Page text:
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Tesla in 2019: Wall Street Analysts Sound the Alarm

- By John Engle

Tesla (TSLA) stirs up strong passions in both bulls and bears. Indeed, there may be no company so loved -- and hated -- by investors. That has made Wall Street analysts' jobs especially difficult, since their price targets and forecasts face scrutiny rarely seen in other stocks.

Two venerable investment banks, Morgan Stanley (MS) and Goldman Sachs (GS), released new analyst commentaries on Tesla on Tuesday, Dec. 18. Both banks have long-standing relationships with Tesla and its CEO, Elon Musk, but their respective equity research arms have long been at odds when it comes to the electric vehicle company. Morgan Stanley has become known as a very bullish outfit, while Goldman has proven to be a persistent bear. But things may be changing, with opinion at these banks apparently starting to converge. Looking toward 2019, both banks see trouble in store for Tesla.


Here are some of the highlights from each bank's new Tesla commentary and a discussion of how Tesla might fare in the year ahead.

Morgan Stanley: "Emerging peak" approaching

Analyst Adam Jonas has covered Tesla for Morgan Stanley for a number of years. For a long time, he was considered one of the most bullish Tesla analysts on Wall Street. But in recent months, Jonas has grown considerably colder toward the electric vehicle company. He mentioned a number of other worries heading into 2019 and beyond.

Here are the principal highlights from Jonas' latest commentary:

Third quarter blowout may not be sustainable . "While we acknowledge the significance of Tesla's very strong 3Q result, we do not believe investors will assume the company is fully self-sufficient without a more sustained period of execution."

International market may prove troublesome . "We continue to harbor concerns over whether Tesla will be able to achieve sustainable access to foreign markets, particularly in China but also in the EU."

A capital raise could help instill confidence . Raising a few billion during Q4 "could reduce many investors' concerns about financial pressure during a critical time of market expansion and strategic partnership."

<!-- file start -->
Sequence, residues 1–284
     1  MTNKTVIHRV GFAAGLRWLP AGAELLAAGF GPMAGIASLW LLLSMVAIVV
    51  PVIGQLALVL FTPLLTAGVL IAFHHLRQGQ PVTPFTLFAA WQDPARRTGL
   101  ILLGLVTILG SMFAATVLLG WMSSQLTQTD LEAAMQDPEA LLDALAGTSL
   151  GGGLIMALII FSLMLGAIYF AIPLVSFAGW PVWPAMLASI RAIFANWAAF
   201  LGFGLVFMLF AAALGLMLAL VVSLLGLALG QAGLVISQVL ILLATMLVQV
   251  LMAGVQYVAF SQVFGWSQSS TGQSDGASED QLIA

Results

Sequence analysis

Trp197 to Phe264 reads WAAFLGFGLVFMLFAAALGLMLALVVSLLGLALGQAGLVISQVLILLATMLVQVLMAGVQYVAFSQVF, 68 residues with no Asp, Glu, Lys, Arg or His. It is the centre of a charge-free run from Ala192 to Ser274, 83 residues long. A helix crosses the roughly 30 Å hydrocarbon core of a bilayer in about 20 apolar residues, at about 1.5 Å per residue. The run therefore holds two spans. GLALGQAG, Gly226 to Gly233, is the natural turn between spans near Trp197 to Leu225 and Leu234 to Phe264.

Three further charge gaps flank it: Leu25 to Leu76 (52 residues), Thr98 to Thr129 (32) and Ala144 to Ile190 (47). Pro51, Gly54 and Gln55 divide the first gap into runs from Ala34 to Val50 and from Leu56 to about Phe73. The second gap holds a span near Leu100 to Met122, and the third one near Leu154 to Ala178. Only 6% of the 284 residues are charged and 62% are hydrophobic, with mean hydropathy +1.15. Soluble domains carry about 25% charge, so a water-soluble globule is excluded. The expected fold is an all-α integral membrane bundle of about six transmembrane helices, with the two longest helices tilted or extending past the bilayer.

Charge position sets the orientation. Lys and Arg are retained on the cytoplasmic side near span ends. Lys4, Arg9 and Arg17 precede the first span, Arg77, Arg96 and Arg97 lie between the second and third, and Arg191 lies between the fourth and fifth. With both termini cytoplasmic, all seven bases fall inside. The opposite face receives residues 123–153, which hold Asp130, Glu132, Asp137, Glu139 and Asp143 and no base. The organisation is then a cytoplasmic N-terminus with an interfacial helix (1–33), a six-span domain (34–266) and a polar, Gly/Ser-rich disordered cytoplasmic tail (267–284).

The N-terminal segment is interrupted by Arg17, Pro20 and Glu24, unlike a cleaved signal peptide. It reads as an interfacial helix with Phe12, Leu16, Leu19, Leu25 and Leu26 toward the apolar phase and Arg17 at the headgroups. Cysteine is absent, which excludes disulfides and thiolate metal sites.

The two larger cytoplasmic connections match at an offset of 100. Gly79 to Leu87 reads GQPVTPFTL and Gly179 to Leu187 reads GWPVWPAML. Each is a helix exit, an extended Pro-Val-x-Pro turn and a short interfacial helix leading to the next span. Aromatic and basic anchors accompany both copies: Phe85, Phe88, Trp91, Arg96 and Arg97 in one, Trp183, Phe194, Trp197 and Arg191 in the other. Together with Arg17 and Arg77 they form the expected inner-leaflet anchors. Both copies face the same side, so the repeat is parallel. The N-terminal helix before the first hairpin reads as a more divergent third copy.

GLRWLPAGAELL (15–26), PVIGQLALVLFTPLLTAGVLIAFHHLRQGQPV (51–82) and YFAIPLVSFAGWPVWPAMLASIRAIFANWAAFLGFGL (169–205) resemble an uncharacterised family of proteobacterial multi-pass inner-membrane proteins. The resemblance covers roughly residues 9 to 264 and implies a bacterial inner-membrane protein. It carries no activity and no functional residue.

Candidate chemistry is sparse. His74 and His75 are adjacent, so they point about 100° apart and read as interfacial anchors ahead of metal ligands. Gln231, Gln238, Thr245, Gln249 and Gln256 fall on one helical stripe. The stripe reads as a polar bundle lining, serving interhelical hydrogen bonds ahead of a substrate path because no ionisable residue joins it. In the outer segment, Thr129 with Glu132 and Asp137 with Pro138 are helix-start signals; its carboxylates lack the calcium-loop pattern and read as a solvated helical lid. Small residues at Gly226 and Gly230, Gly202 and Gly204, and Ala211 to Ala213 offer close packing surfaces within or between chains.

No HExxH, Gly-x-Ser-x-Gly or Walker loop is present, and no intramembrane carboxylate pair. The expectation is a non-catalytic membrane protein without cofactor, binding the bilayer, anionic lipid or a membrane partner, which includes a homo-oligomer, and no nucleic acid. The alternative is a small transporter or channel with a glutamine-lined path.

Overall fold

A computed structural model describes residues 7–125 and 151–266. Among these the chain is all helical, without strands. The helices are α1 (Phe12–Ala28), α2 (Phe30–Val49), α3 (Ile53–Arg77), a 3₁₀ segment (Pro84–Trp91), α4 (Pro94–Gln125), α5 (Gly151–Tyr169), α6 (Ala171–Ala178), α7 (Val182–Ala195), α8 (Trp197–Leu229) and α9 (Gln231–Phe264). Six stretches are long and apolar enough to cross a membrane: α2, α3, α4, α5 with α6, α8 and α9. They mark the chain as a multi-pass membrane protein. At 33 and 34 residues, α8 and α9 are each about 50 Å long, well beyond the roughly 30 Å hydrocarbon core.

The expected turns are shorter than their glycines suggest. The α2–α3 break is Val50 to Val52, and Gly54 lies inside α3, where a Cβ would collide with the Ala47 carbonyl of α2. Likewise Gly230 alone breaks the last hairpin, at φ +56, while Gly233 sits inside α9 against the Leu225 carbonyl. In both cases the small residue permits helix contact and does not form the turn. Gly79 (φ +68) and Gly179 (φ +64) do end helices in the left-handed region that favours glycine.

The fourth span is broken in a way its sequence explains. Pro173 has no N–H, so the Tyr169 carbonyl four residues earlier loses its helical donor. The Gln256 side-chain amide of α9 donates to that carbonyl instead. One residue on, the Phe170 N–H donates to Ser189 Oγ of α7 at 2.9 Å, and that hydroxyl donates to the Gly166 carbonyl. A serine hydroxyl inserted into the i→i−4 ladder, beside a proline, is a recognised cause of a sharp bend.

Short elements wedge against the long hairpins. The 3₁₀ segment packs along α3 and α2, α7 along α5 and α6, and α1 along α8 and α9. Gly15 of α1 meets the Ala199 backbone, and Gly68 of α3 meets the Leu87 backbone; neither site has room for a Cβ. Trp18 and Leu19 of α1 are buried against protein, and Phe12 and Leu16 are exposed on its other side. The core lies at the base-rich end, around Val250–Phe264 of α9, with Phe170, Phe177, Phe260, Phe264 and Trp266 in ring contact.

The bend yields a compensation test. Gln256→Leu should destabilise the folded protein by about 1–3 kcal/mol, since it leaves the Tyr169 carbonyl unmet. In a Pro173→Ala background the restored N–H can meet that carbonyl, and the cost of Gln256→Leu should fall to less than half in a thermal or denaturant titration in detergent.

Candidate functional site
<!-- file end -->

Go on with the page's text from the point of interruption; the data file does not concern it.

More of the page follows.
Tesla may not be able to survive on its own. "We are increasingly of the view that the confluence of economic, competitive, regulatory, political, and technological forces may potentially challenge Tesla's status as a stand-alone entity."

Jonas' verdict: Post-third-quarter short squeeze and buoyant market sentiment has carried Tesla to near-record highs. But a harsher landscape in 2019 -- and likely weaker fourth quarter -- will dent sentiment. Tesla may thus be approaching an " emerging peak " of market sentiment. Despite the dark clouds gathering (which might even threaten Tesla's survival as an independent company) Jonas reiterated his $291 price target (13% downside risk) and a "hold" rating.

Goldman Sachs: "Lull in demand" incoming

Analyst David Tamberrino stuck to his bearish guns in his latest commentary. As Goldman's Tesla analyst, Tamberrino has been quite consistent in his criticisms of Tesla's business and what he considers to be a significantly inflated share price. In his latest commentary, he cited a number of factors he sees as likely to put significant pressure on Tesla's margins -- and share price -- in 2019.

Here are the principal highlights from Tamberrino's latest commentary:

  • Model 3 demand likely to fall in 2019. "W e believe there is a pull-ahead of deliveries and option mix occurring in the U.S. in (the second half of 2018) that will likely create a lull in demand starting in (the first quarter of 2019)."
  • Significant margin compression ahead for Model 3. "We believe the bulk of sustainable demand for the Model 3 likely resides at the lower end of the price curve, we believe program margins will likely mix-down as time progresses."
  • European sales will not save Tesla. Bringing the Model 3 to the EU may help temporarily, but falling U.S. demand "may not be fully made up by initial deliveries across Europe."
  • Competition inbound. Tesla's higher-end lines may face additional pricing pressure as "incremental competition is coming for the company's established products (i.e., the Model S and Model X)."



Tamberrino's verdict: An imminent " lull in demand " in the wake of tax credit cuts, combined with margin compression as average sale prices drop, will make for a hard 2019. Thus, Tamberrino reiterates both his "sell" rating and $225 price target (33% downside risk).

Our verdict: Worse than the analysts will admit

Of the two analysts, we are inclined more toward Tamberrino's view. If anything, the Goldman analyst may be too generous in his price target. The third quarter saw the last of the pent-up demand cleared, especially for the highest priced versions of the Model 3. The mix can only get less favorable from here.

Furthermore, we can certainly agree with Jonas' conclusion that Tesla's share price has approached a peak . It seems extremely unlikely that the fourth quarter can dazzle to the same degree, and 2019 looks even bleaker. Furthermore, we agree that there are numerous economic and competitive threats that could severely damage Tesla -- if not render it unable to sustain operations as an independent entity.

Here is the bottom line: Tesla is valued for rapid and sustained growth, and the next couple quarters will demonstrate how ill-equipped the company is to deliver on that promise. We expect an eventual price correction considerably more violent than even Tamberrino projects. Indeed, it would be surprising if Tesla manages to retain even half of its current share price and market capitalization by the end of 2019.

Disclosure: Short Tesla via long dated put options.

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This article first appeared on GuruFocus.